|Digital List Price:||$14.95|
|Print List Price:||$14.95|
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Bohemian Gospel: A Novel (Bohemian Gospel) Kindle Edition
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|Length: 379 pages||Word Wise: Enabled||Enhanced Typesetting: Enabled|
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Bohemian Gospel proved to be far different than I was expecting. I went in expecting a historical fiction with a fantasy element but got some great horror elements, too. Those combined with a great main character makes the book, yet it also suffers a bit in its latter half.
The shifting alliances of medieval Bohemia, and to a lesser extent the Catholic Church in that land, were a fascinating subject to explore. I googled Ottakar and glanced through Wikipedia before reading so I had a rough idea who was who, but Carpenter really brings them to life. She also incorporates Bohemian/Czech folklore and details of daily medieval life to really bring forth a vivid world.
The fantasy and horror elements were great individual story points, if Mouse’s abundant powers did seem unbelievable at times. The pit and baby cemetery scenes are great examples of the horror: creepy, eerie, and just not right. I loved the imagery the author used in these scenes; they raised the book to a whole new level.
The amount of powers that Mouse employs did seem a bit much at times. I mean, dang! That girl could pretty much do anything. The explanation for those powers, her father, also seemed over the top. Like another reviewer I read, I too rolled my eyes at that detail once it was revealed. So while they did add a great fantasy element to the historical struggle of court intrigue and a father-son relationship from hell, she seemed too powerful by far in the story.
I loved Mouse as a character, despite her crazy amount of powers. She has courage, pluck, and grit to spare, especially with some of the crap that Mouse goes through. Her journey from sheltered monastery “Mouse” to a more worldly and darker woman kept me intrigued. I liked how flawed she was too; that helped balance out the whole powers thing. There were times where she wish-washed back and forth in her courses of action and she tended to let look at the pessimistic side of things more often than not. It made for a very balanced character.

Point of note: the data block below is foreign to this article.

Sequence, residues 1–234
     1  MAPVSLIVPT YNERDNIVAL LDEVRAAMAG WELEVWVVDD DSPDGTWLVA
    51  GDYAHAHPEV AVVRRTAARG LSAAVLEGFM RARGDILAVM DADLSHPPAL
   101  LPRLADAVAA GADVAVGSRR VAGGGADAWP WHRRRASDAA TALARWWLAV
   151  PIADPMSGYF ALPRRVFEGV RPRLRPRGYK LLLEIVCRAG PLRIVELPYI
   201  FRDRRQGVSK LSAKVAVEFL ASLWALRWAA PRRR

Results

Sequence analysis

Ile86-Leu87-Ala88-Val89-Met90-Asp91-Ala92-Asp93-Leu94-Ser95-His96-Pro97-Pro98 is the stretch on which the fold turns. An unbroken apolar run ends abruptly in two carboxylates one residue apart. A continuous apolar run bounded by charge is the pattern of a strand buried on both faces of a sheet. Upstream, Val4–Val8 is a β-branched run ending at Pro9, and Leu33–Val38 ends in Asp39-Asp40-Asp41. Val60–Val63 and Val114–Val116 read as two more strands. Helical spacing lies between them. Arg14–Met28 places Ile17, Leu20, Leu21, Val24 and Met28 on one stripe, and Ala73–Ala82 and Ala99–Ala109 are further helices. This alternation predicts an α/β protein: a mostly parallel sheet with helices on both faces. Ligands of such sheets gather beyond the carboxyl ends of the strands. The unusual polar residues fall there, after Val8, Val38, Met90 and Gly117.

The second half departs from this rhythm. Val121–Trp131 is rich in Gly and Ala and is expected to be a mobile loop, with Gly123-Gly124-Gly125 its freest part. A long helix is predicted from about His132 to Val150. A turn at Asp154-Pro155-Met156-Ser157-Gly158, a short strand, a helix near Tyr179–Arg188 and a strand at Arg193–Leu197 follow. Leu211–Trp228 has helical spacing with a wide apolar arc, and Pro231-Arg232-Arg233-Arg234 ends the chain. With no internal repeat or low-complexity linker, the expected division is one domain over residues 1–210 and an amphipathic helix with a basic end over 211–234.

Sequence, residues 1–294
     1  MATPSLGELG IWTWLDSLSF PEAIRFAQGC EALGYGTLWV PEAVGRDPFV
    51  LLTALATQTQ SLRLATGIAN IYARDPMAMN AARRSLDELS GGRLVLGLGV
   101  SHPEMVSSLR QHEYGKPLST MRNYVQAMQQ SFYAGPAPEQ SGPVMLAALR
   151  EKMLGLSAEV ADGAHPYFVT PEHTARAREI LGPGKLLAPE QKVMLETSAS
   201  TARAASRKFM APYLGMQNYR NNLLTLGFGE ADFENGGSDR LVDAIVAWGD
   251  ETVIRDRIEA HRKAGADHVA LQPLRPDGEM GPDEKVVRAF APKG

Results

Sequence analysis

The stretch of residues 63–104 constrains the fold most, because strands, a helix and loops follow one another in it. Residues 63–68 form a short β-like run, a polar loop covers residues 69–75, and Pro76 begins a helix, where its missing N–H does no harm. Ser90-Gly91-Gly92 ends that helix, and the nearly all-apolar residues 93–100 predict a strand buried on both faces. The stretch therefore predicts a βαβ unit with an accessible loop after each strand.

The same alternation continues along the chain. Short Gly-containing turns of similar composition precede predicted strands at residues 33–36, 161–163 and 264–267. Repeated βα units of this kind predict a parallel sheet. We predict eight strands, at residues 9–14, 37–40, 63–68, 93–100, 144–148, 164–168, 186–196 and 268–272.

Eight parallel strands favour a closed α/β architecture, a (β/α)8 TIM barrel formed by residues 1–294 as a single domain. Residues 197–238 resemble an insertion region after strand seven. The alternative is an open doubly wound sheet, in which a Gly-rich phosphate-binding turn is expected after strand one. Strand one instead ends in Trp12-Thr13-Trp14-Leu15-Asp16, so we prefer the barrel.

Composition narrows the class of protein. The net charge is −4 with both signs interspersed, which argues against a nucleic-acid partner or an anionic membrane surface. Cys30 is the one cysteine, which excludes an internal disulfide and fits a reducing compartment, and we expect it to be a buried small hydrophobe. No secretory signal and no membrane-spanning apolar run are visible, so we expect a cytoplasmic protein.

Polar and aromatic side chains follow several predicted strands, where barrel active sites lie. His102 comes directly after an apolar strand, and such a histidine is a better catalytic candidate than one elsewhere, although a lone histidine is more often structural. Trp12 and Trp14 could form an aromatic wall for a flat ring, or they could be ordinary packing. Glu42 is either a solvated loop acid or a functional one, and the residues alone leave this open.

The one biggest problem with this book was the lack of a focus for the plot in the latter half of the book, at least for me. After Mouse arrives at court, “saves the day” with the whole Ottakar/father relationship, and boxes in the horrors that were plaguing her, it seems like the story didn’t quite know where to go. Mouse would wonder through different relationships, landscapes, and tragic situations before arriving at a conclusion that just seemed confused. I frankly got bored with this latter half and was glad once I was done.
I enjoyed our lead, her journey, and the world in which she inhabited. All were attention-getting and vibrant. Yet, a lackluster, weak latter half and Superwoman-level powers keep this book from reaching awesome levels. I enjoyed the expedition into a historical period/place I’m not familiar with, though. So in the end, this was still an enjoyable read, and I look forward to what they author comes up with next.
A strange child, Mouse sees and hears things others can't. Some know fear her powers while others fear for her. As she is reaching adulthood, Mouse finds herself pulled from the only home she's ever known because of an act of kindness to a boy king.
The imagery in the story is superb. Carpenter breathes life into the mundane and the fantastic alike. The fear and horror Mouse faces as she learns more about the gifts and curses laid on her, are stark and evocative. Equally so, the gentle and sweet romance between Mouse and Ottakar is poignant and engaging. As Mouse struggles to understand her place in the world, she must war with what she sees her purpose in life and what she truly desires. She was born with fantastic gifts but does a fluke a birth mean she con't pursue her own dreams?
My only complaints are superficial at best. I thought the story moved a bit fast at times, jumping quickly from scene to scene without giving me enough time to catch a breath. But the story covers a good span of time and since the setting is medieval Bohemia, it's reasonable for the author to skip traveling scenes and simply move characters from place to place.
I also found the scene where Mouse drives the old king mad a bit contrived. It was well done. But I thought it unlikely anyone at this time would have the knowledge or understanding of mental illness to drive a man insane.
However, neither of these issues detract from what is a really lovely and beautifully written story.
It is fascinating to me that someone, for their first effort, can produce something of this magnitude, depth and originality. Well done.
PS, it's different. It's not for everybody.
Mouse has known she was different since she was very young. Given up by unknown parents and raised at Teplá abbey, Mouse has special healing gifts. The Sisters and Brothers whisper prayers and make the sign of the cross when they pass her, but largely ignore her. She's gifted and lonely, unsure of her place or purpose.
That all changes when the Young King enters her life, dying and in need of her skills. As Mouse rises from healer to friend to lover, her life grows darker and her purpose less clear. What does God want of her, she wonders?
Until one day she realizes that it's not God who gave her life, but something else entirely.
Romantic and fascinating, a story about the darkness we all fight, and the questions many of us wonder. A great read.
Most recent customer reviews
The characters are well rounded. Mouse garners sympathy and apathy in spades.